Have you noticed that most new Manhattan restaurants are variations on a theme? With few exceptions, these places look alike (sleek and design-y, but intentionally not overwrought), sound alike (“We’re trying to give the neighborhood a place where they can come four times a week,” owners declare), and taste alike (there’s something for everyone on the menu — and probably octopus and kale, too — no matter the cuisine). They’re even priced alike: You’re probably going to drop $60 on a weeknight, $100 on a weekend — not so much that you have buyer’s remorse, but not so little that you don’t feel it, either. There are exceptions, of course, but it’s hard to buck the formula in New York’s most expensive borough. After all, formulas make it easy for an investor to see how they might make a profit. And given the price of doing business in Manhattan these days, that assurance must be nice.
Out in the wilds of Brooklyn, however, restaurants cram themselves into any old space imaginable, which is why Orleans (603 Hart Street, Brooklyn) can inhabit a triangle-shaped outdoor sliver right underneath the M train and no one thinks it’s weird.
Here, from a permanently parked food truck, Oliver Vonderahe is turning out po’boys to the hordes of neighborhood denizens that gather at the wooden picnic tables filling the yard.
Vonderahe is channeling New Orleans stands dedicated to these sandwiches, so the menu is brief: order a small (six inches, $8) or large (12 inches, $14) shrimp, catfish, fried oyster, roast beef with gravy, or vegan sausage sandwich, and then side it with some chips, fries, rice and beans, or fried pickles (avoid the coleslaw — had Orleans had a suggestion box, we would have told them that the $4 it’s charging for that tiny side of slaw feels like a huge rip-off). You can also order a basket, which gets you a small sandwich, fries, and slaw for $13.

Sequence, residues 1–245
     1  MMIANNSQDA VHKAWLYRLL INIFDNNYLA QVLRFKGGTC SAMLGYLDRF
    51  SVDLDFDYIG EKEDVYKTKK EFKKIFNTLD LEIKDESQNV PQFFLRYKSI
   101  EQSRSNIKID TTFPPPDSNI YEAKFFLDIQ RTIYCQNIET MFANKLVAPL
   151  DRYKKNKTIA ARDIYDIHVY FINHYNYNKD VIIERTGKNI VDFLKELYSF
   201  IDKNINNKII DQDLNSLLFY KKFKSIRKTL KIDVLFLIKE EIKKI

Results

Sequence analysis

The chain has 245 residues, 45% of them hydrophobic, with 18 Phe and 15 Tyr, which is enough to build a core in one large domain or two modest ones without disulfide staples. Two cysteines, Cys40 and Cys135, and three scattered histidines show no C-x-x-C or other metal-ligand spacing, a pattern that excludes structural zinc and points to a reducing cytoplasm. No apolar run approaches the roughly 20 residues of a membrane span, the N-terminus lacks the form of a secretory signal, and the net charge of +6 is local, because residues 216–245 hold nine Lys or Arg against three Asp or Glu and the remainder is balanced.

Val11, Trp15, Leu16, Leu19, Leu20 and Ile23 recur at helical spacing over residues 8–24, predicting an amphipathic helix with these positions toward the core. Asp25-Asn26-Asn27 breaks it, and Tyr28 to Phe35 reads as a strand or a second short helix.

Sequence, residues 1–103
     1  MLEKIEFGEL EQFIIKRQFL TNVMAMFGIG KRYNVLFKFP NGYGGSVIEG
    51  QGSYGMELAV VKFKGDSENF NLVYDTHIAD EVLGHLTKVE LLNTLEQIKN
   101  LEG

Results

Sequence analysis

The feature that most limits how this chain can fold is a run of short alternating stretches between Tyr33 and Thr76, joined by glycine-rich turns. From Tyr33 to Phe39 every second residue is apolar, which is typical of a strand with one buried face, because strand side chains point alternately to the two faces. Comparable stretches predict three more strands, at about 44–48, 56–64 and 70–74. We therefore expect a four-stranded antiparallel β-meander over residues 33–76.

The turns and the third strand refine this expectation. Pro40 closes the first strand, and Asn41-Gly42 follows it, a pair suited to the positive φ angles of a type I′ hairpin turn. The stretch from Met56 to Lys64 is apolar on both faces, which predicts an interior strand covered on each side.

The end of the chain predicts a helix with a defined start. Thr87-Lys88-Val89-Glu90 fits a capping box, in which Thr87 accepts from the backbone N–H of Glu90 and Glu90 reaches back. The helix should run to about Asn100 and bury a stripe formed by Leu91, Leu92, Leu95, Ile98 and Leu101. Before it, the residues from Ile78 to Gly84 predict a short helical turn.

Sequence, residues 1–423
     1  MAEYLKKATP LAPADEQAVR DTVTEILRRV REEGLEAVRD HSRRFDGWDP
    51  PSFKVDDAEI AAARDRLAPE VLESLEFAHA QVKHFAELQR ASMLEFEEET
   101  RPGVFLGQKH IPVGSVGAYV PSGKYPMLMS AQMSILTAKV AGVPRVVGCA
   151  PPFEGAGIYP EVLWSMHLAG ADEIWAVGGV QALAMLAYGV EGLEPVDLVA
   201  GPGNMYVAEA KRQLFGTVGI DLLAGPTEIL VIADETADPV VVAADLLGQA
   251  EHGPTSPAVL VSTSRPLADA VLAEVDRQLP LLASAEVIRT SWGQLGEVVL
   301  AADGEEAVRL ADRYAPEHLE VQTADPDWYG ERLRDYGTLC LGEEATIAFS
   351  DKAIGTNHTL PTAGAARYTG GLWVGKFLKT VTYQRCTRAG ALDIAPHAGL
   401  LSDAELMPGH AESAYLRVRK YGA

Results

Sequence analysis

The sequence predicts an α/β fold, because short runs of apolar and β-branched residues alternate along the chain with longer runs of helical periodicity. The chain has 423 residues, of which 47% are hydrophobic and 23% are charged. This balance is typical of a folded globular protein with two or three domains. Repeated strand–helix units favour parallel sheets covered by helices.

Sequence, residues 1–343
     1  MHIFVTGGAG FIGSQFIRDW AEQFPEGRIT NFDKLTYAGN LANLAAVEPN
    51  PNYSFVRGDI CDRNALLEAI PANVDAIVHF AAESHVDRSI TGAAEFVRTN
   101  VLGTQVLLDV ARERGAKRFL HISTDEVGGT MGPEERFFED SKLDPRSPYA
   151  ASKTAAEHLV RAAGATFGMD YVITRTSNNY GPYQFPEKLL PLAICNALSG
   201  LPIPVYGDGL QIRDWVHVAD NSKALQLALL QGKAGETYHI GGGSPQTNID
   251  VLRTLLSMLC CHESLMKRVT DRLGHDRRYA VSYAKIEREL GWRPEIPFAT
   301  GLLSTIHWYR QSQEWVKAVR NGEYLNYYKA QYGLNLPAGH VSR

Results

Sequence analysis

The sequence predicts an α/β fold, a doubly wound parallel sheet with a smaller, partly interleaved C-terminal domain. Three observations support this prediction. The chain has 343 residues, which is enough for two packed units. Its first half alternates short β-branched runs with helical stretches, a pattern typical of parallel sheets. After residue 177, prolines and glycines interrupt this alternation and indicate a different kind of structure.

Put your order in at the counter, and then find a seat — your name will be called, and you’ll pick up your food from the truck window. It’s up to you to dress up your sandwich beyond the remoulade (if you go for one of the seafood options, that is) and you’ll find Cajun seasoning on every table.
Of the catfish and the shrimp, we liked the shrimp the best — the plump prawns were nicely crispy, and the remoulade, which was good and tart, was used with restraint. We’ll leave the bread debate to the diehards, because we understand natives of New Orleans may have much to say on that subject, but we found the crust of the bread less, well, crusty than we’ve seen in other po’boys — though the sandwich had good chew. Overall, while prices seem a scoach steep, this is a solid snack, especially if you’re stumbling home from, oh, Bossa Nova Social Club, which is a partner in this venture.
What you won’t find here, at least for now, is more booze: The place was waiting on its liquor license when we stopped by, so they told us BYOB was not allowed. That’s a rule that seems to be only selectively enforced, however, because later patrons rolled up with a six-pack without problem, and one trash can was full of empties.
This article from the Village Voice Archive was posted on August 21, 2014